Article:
Although primarily known for his comedies, Crichton proved capable at the helm of dramas like "Against the Wind" (1948), a taut, engrossing tale of espionage during World War II, and "Hunted/The Stranger in Between" (1951), in which he elicited a fine performance from youngster Jon Whiteley who was cast opposite Dirk Bogarde. This success further enhanced his reputation as an excellent director of child actors first acquired for his work with the Cockney kids of "Hue and Cry". He would also direct children to good effect in "The Divided Heart" (1954), "The Boy Who Stole a Million" (1960, which he co-scripted) and episodes of the British TV serial "The Adventures of Black Beauty" in the early 70s. Crichton's first screenwriting credit was on "Floods of Fear" (1958). a drama about a prisoner on the lam, who performs heroic deeds during a flood, later proving his innocence and winning the girl's love.

After his final Ealing film "The Man in the Sky/Decision Against Time" (1956), Crichton's feature output has been minimal. One can only muse about where his career might have gone had he not pulled out of his first US picture, "The Birdman of Alcatraz" (1962), due to disputes with producer-star Burt Lancaster. British TV (most notably "The Avengers" series), however, offered a comfortable safety net. Crichton also made many documentaries for John Cleese's industrial training film company, Video Arts, setting the stage for, arguably, his greatest triumph. After a 20-year absence, he imbued "A Fish Called Wanda" (1988) with the spirit of the old Ealing comedies, directing Cleese, Jamie Lee Curtis, Kevin Kline and Michael Palin in a hilarious farce full of clever twists and double-crosses that provided the actors ample opportunities to exploit their goofy characterizations. His swan song brought him Oscar nominations for Best Director and Best Screenplay (written by Cleese from Crichton's story).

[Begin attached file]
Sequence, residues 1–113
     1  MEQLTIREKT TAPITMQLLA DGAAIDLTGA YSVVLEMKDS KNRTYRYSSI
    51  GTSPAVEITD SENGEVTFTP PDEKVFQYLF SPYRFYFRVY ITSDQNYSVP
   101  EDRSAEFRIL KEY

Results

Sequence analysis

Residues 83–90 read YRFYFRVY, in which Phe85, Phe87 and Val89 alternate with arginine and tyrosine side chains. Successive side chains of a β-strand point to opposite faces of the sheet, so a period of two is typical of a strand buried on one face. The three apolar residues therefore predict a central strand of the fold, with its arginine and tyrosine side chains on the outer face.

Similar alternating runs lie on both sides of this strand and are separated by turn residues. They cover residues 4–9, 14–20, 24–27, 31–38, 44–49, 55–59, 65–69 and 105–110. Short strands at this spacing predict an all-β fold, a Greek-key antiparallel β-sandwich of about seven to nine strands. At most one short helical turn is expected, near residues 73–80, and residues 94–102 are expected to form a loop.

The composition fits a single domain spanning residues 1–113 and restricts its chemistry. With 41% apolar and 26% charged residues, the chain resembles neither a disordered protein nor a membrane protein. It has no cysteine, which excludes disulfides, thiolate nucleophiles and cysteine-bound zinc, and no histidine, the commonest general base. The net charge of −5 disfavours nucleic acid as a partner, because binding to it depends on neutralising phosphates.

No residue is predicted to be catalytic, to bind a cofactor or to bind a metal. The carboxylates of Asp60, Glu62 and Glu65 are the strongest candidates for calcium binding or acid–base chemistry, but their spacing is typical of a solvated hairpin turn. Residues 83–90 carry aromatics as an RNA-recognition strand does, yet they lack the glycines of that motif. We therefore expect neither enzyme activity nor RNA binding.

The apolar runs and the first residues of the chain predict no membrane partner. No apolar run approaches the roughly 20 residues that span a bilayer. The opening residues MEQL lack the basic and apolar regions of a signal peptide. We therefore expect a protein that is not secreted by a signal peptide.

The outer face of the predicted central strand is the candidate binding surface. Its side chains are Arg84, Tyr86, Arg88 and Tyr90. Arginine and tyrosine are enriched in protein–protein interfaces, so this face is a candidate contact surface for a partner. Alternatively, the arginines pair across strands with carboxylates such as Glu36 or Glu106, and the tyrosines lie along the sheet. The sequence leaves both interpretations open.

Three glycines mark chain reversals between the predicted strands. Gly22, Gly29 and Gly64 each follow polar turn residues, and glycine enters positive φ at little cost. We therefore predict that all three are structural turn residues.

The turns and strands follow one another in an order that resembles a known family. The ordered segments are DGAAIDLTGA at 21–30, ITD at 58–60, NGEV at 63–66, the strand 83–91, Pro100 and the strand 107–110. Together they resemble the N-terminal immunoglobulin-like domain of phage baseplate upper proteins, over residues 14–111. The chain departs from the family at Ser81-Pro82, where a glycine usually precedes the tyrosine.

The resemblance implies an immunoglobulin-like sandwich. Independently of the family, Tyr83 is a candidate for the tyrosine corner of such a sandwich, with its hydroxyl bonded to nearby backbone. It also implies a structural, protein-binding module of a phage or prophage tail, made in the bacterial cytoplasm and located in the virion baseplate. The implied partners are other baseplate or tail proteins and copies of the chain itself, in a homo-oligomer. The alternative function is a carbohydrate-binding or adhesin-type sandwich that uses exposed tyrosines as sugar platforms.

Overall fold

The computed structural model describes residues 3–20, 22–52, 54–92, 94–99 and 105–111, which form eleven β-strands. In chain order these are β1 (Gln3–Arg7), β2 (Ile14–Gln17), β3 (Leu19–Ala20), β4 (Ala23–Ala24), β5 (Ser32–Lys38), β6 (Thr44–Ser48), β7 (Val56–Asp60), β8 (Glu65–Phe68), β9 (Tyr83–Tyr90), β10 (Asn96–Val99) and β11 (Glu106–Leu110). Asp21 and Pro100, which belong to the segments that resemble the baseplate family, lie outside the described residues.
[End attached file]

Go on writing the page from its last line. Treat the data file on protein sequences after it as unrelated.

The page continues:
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Filmographyclose complete filmography

DIRECTOR:

1.
  A Fish Called Wanda (1988) Director
2.
  He Who Rides a Tiger (1968) Director
3.
  The Third Secret (1964) Director
4.
5.
6.
  Law and Disorder (1958) Director
7.
  Floods of Fear (1958) Director
8.
  Decision Against Time (1957) Director
9.
  Divided Heart, The (1955) Director
10.

CAST: (feature film)

VIEW THE FULL FILMOGRAPHY

Milestones close milestones

1931:
Entered industry as assistant editor at Alexander Korda's London Films
1932:
First credit as assistant editor, "Men of Tomorrow"
1935:
First film as editor, "Sanders of the River"
1940:
Edited Ludwig Berger's lush version of "The Thief of Bagdad"
1940:
Joined Michael Balcon's Ealing Studios; initially editing documentary films for Albert Cavalcanti
1941: